WASHINGTON — Orders for big-ticket manufactured goods turned in a second consecutive strong monthly performance in July, a far bigger-than-expected gain led by a huge jump in demand for commercial aircraft.

The Commerce Department said Wednesday that orders for durable goods rose 1.3 percent last month, far above the slight 0.1 percent increase economists had been expecting.

The July increase matched a 1.3 percent rise in June, which was revised up from an earlier reading of 0.8 percent. Both months turned in the strongest gains since a 4.1 percent surge last December.

Economists had been expecting a far weaker showing in July reflecting their views that the manufacturing sector is being battered by the slowdown facing the overall economy. Instead, the report showed surprising strength in a number of areas.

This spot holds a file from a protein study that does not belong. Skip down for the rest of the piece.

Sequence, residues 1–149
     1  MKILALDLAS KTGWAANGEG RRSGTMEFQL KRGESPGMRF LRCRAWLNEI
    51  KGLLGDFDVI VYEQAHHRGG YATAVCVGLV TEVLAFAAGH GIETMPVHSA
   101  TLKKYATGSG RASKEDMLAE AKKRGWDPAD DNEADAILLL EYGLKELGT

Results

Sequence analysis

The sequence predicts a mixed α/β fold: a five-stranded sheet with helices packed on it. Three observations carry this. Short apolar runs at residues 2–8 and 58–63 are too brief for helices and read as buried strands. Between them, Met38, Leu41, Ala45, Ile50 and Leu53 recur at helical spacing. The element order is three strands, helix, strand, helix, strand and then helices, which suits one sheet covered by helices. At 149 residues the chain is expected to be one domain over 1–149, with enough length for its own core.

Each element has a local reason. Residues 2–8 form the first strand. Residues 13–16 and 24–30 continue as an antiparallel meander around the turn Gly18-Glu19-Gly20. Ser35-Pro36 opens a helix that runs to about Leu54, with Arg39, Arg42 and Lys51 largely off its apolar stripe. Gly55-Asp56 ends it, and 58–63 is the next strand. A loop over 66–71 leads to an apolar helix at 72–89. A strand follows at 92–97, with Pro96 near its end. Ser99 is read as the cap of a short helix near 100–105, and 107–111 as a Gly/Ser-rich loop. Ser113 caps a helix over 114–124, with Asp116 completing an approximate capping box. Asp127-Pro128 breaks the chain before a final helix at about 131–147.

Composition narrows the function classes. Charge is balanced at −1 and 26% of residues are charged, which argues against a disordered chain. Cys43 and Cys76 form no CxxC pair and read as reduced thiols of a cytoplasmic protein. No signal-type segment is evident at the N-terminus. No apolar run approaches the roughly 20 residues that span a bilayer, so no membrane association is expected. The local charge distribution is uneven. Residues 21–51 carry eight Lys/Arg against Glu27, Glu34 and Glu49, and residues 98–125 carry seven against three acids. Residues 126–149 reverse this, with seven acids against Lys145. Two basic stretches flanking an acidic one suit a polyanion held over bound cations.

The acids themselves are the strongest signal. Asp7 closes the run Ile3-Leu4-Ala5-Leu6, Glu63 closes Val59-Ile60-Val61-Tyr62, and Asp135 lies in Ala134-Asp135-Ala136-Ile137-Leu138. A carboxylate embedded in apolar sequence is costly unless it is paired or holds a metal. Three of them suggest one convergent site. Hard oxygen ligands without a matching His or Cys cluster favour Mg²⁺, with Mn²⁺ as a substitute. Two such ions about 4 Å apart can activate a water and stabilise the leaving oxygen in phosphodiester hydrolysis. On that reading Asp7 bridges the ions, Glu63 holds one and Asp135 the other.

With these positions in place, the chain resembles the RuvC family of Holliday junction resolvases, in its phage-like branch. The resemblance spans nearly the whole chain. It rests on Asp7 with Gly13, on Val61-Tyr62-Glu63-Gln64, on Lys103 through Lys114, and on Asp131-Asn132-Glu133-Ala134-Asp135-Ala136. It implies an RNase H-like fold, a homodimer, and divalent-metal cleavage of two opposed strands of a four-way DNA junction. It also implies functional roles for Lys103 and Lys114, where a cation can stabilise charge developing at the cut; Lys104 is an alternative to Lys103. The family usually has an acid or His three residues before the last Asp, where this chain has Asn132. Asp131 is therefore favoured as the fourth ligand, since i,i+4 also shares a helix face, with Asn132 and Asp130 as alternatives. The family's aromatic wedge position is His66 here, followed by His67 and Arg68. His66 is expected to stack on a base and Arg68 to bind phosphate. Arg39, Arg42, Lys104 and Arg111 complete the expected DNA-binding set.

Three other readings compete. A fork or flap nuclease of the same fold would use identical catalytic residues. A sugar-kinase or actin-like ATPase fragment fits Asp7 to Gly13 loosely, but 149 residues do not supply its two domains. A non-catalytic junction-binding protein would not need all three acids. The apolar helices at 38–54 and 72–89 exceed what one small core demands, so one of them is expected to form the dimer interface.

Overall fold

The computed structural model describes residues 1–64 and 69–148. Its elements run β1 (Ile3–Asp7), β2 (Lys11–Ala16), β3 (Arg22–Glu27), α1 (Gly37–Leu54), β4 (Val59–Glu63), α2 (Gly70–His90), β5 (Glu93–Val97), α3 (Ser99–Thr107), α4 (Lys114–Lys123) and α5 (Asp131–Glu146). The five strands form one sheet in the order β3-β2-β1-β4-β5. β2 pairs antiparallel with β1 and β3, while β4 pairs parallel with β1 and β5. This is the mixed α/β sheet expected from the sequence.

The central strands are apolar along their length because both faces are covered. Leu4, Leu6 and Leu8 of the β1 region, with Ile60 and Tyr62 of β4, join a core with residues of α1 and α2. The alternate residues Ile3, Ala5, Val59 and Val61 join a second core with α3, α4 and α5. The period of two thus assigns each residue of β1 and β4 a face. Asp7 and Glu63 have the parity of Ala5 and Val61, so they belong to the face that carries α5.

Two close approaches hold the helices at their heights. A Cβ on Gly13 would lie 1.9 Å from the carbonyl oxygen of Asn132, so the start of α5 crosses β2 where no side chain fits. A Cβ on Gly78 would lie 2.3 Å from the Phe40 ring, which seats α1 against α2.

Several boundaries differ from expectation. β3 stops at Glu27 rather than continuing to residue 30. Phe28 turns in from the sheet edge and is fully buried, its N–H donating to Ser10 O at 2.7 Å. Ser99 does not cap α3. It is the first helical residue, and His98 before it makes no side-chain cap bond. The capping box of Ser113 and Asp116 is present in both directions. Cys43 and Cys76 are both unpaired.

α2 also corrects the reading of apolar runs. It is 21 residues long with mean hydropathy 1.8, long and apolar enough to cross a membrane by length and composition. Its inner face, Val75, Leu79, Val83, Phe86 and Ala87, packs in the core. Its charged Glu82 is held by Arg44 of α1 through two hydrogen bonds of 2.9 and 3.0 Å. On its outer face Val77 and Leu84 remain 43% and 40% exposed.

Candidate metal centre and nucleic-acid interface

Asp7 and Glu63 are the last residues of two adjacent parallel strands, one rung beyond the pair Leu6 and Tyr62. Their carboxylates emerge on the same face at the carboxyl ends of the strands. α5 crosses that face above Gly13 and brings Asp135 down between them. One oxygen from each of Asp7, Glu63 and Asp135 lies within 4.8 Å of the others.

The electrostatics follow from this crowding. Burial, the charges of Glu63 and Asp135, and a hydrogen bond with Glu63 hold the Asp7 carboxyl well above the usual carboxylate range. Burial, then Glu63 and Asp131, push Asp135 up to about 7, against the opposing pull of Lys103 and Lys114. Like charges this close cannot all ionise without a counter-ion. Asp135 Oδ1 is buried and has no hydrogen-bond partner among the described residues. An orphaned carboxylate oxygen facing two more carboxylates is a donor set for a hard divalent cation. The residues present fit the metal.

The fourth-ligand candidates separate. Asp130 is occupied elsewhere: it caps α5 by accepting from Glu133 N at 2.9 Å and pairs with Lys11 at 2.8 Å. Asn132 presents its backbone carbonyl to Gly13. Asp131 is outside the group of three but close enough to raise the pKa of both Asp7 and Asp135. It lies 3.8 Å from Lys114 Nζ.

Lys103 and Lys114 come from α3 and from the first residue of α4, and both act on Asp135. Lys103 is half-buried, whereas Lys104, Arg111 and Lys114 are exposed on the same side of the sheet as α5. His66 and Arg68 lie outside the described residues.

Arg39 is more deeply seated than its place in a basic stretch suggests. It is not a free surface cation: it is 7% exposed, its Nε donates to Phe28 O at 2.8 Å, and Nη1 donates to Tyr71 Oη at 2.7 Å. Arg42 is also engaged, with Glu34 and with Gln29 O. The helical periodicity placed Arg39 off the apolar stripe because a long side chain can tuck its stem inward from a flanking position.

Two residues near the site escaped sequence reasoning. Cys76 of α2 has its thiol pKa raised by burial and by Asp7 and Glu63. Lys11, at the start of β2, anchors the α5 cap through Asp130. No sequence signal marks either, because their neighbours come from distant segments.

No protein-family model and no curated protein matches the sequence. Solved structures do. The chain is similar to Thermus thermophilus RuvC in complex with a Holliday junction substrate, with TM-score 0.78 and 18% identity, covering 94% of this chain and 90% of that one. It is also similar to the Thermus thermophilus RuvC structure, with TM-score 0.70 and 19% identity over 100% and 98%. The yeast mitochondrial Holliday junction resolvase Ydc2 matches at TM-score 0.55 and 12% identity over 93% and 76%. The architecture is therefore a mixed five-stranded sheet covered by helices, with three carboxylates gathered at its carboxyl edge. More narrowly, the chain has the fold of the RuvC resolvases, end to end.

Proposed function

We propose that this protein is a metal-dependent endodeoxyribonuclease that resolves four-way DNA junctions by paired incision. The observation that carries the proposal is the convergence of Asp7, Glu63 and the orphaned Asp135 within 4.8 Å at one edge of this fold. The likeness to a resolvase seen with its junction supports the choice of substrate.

Demand for commercial aircraft shot up 28 percent, a rebound following a 21.3 percent drop in June.

Orders for motor vehicles rose by 1.2 percent, the second straight monthly increase. However, economists do not believe that strength can be sustained given all the troubles currently facing the auto industry.

Overall, orders for transportation equipment were up 3.1 percent last month after a 1.9 percent drop in June. Outside of transportation, orders posted a 0.7 percent increase, surpassing the 0.3 percent decline analysts had expected.

Strength outside of transportation reflected strong gains in such areas as primary metals, including steel and machinery.

Non-defense capital goods excluding aircraft, a category seen as a good proxy for business investment, also rose by a strong 2.6 percent last month, the best showing since April.